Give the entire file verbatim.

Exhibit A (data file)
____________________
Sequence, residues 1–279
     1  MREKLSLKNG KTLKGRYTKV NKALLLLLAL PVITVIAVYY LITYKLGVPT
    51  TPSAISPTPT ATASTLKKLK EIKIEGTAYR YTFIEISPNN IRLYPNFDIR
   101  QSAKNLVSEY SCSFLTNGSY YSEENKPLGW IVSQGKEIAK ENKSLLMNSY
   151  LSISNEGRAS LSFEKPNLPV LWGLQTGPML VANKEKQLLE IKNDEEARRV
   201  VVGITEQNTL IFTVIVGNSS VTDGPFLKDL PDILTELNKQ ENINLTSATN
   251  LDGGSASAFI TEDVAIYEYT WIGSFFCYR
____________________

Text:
Sequence, residues 1–279
     1  MREKLSLKNG KTLKGRYTKV NKALLLLLAL PVITVIAVYY LITYKLGVPT
    51  TPSAISPTPT ATASTLKKLK EIKIEGTAYR YTFIEISPNN IRLYPNFDIR
   101  QSAKNLVSEY SCSFLTNGSY YSEENKPLGW IVSQGKEIAK ENKSLLMNSY
   151  LSISNEGRAS LSFEKPNLPV LWGLQTGPML VANKEKQLLE IKNDEEARRV
   201  VVGITEQNTL IFTVIVGNSS VTDGPFLKDL PDILTELNKQ ENINLTSATN
   251  LDGGSASAFI TEDVAIYEYT WIGSFFCYR